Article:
A little known, rediscovered letter: an SOS from a woman trapped on a Swiss mountaintop in a TB colony with no idea how to escape—that woman being Dorothy Parker.
“Kids, I have started one thousand (1,000) letters to you, but they all through no will of mine got to sounding so gloomy and I was afraid of boring the combined tripe out of you, so I never sent them.” Thus starts a little-known and until now unpublished letter by Dorothy Parker from a Swiss mountaintop. Parker wrote the letter in September 1930 to Viking publishers Harold Guinzburg and George Oppenheimer—she went to France to write a novel for them and wound up in a TB colony in Switzerland. Parker refers to the letter as a “novelette,” yet there is nothing fictional about it. More accurately, the biting composition reads like a gossipy diary entry, typed out on Parker’s beautiful new German typewriter. She namedrops notable figures like Ernest Hemingway and Scott and Zelda Fitzgerald while covering topics running from her various accidents and health problems to her opinions on dogs, literary critics and God. The writing is vintage Parker: uncensored, unedited, deliciously malicious, and certainly one of the most entertaining of her letters—or for that matter any letter—that you’ll ever read.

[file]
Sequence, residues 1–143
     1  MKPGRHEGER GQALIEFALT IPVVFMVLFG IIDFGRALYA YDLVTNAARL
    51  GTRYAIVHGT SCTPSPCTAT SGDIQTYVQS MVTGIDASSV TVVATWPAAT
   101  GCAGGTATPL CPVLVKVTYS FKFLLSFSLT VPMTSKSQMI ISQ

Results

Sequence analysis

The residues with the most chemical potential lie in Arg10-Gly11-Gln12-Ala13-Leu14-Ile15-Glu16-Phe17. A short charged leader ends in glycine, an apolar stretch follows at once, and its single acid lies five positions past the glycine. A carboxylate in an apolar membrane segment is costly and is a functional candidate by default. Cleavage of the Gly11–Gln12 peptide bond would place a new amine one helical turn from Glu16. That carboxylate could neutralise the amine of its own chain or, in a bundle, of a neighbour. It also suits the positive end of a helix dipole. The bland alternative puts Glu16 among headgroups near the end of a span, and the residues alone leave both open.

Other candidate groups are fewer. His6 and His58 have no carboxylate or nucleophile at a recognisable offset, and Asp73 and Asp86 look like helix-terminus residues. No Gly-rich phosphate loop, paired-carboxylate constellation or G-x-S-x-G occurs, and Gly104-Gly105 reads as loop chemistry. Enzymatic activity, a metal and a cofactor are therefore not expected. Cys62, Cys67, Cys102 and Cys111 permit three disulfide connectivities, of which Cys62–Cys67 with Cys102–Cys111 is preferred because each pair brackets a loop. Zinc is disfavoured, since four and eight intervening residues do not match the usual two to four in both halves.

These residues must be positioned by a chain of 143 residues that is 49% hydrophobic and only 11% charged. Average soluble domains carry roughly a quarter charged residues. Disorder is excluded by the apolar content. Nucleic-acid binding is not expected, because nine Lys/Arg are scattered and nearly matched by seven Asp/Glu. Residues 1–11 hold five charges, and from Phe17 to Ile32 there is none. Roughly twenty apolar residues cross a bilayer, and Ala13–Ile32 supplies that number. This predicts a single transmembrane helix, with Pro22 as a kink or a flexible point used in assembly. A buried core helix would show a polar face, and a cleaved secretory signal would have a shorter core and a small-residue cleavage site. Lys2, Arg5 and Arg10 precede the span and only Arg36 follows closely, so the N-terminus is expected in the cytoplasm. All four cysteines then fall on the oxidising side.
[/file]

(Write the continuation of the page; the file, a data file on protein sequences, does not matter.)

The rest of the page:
This edition features an introduction, notes, and annotations on notable figures by Parker biographer Marion Meade.
Dorothy Parker was born in West End, New Jersey, in 1893 and grew up in New York, attending a Catholic convent school and Miss Dana’s School in Morristown, New Jersey. In 1916 she sold some of her poetry to the editor… More about Dorothy Parker
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“Parker was such a vicious gossip, and it’s fun to see her try to overcome her cabin fever and writer’s block with this name-dropping account of her adventures with her friends and/or frenemies.” –A. V. Club
Praise for Dorothy Parker: What Fresh Hell is This?: “So detailed is Meade’s book that this, one imagines, is the last time a biographer will need to explain why so talented a writer could at the same time be so nasty a human being.” –Publishers Weekly
”A compelling and somewhat frightening tale . . . Meade is also to be applauded for a great feat of detective work.” -Cosmopolitan